To move away from dependence on, or to complement, human expertise, various authors have advocated for computer vision based approaches to wood and charcoal identification. Several proof-of-concept systems have been reported, relying either on laboratory-acquired images (Khalid et al., 2008; Wang et al., 2013; Filho et al., 2014; Muniz et al., 2016; Barmpoutis et al., 2018; Andrade et al., 2019), or field-acquired cell phone images (Tang et al., 2018) that are relatively variable in terms of chromatic control, total magnification, spherical aberration, and other data-quality factors reviewed in Hermanson and Wiedenhoeft (2011), with two notable forays into controlling these factors for field imaging (Hermanson et al., 2019; Andrade et al., 2020). Computer vision based wood (Ravindran et al., 2018) and charcoal identification is appealing because it is affordable (Ravindran and Wiedenhoeft, 2020) and therefore scalable, operates on an accepted source of variability in wood, its anatomy, and for wood has demonstrated potential for real-world field deployment (Ravindran et al., 2019). Realization of practical, context-specific, field deployment strategies requires a high quality computer vision platform that is affordable, flexible, and open source.

Here we present the XyloTron, the world’s first complete, open-source, do-it-yourself platform for imaging, identification, and metrology of materials exhibiting useful macroscopic variability, such as wood and charcoal (Figure 1). The XyloTron provides controlled visible light and UV illumination capability, continuously-adjustable illumination positioning, and software to control the device, capture images, and deploy trained classification models for field screening. Compared to laboratory-based methods the XyloTron exists at an affordable and scalable price point—less than 1,500 USD per unit—such that it can be deployed in the developing world (Ravindran et al., 2019), in research institutions with modest budgets, and even in classrooms. We demonstrate the capabilities of the XyloTron for two applications, namely wood identification and charcoal identification—to the best of our knowledge the first time a unified field deployable system has been used for both applications. In order to foster an ecosystem around the technology we open-source the hardware design and software applications along with the trained models at https://github.com/fpl-xylotron so the platform can be adapted to meet specific contextual needs as it is adopted.

FIGURE 1
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Figure 1 Two forest products and XyloTron macroscopic images of each, using visible light and UV light illumination. Left: 2 × 4s representing solid wood products, and visible light and UV fluorescence images of black locust (Robinia pseudoacacia) wood. Right: Lump charcoal with a visible light illuminated image of oak charcoal.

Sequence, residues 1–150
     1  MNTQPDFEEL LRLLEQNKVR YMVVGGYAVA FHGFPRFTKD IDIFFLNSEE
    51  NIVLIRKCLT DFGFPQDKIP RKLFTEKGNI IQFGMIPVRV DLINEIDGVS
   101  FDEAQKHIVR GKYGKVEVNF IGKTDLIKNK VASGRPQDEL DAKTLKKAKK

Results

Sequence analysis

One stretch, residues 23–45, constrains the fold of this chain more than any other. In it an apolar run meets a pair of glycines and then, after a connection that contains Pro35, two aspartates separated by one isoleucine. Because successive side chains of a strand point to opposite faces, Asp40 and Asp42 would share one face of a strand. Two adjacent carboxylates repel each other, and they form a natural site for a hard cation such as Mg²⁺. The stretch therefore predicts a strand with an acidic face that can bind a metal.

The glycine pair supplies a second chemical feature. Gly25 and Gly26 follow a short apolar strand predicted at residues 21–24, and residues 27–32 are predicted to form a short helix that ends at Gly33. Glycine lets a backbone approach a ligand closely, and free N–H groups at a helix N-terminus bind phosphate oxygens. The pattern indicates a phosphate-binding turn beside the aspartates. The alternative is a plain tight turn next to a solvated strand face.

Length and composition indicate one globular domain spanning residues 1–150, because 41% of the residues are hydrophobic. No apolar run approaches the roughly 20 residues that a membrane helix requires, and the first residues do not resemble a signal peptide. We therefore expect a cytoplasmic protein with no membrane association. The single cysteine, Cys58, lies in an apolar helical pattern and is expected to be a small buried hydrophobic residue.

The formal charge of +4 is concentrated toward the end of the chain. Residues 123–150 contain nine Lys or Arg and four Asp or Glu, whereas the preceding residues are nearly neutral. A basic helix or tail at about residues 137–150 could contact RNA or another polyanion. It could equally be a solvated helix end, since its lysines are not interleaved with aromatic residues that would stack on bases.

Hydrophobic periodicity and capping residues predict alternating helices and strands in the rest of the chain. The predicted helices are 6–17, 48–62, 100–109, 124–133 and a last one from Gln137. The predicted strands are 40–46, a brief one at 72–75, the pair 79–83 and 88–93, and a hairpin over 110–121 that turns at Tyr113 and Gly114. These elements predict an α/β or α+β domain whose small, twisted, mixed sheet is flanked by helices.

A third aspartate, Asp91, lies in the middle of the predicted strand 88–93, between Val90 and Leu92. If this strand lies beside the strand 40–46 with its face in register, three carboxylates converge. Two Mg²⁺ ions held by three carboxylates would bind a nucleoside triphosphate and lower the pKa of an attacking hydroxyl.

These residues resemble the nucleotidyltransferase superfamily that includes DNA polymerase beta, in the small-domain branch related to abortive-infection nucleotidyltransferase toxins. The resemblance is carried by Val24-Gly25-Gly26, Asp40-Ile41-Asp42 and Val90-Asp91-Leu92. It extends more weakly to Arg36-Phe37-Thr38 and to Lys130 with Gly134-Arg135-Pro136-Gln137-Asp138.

Materials and Methods

XyloTron Platform

A full bill of materials, 3D design files, electrical schematics, relevant dimensioned design drawings, and a step-by-step illustrated assembly manual for building and calibrating a XyloTron system are provided in Supplements S1 and S2. Each XyloTron requires a suitable laptop or desktop for image data collection and identification model deployment. Minimum hardware requirements and software necessary for data collection and field implementation are overviewed in Supplement S3 and are available at https://github.com/fpl-xylotron.

The XyloTron has two distinct positions for its illumination array and a range of intermediate positions. When in the wood position the illumination array is as close to the specimen as possible, and when in the charcoal position, it is as distant from the specimen as possible, in this way maximizing the visibility of anatomical features for each material. The XyloTron images a fixed tissue area of 6.35 × 6.35 mm over a 2,048 × 2,048 pixel image.

Reference Materials and Image Data Sets

Wood

The wood specimens in the xylarium of the USDA Forest Products Laboratory routinely serve as reference material for forensic wood identification in investigations ranging from illegal logging to arson and murder. 470 wood specimens from 31 species were selected for imaging based on the wood anatomy, surface fluorescence, and geographic origin. The transverse surfaces of the selected specimens were dry sanded to 1,500 grit then imaged using visible light with the illumination array of the XyloTron in the wood position, resulting in a dataset comprised of 3,126 non-overlapping images. In many contexts (including ours) wood identification at the species level is not possible (Gasson, 2011) and/or not required. This was leveraged to group the selected species into 12 classes for identification at a practical taxonomic granularity and to address the data scarcity problem prevalent in machine learning based wood identification.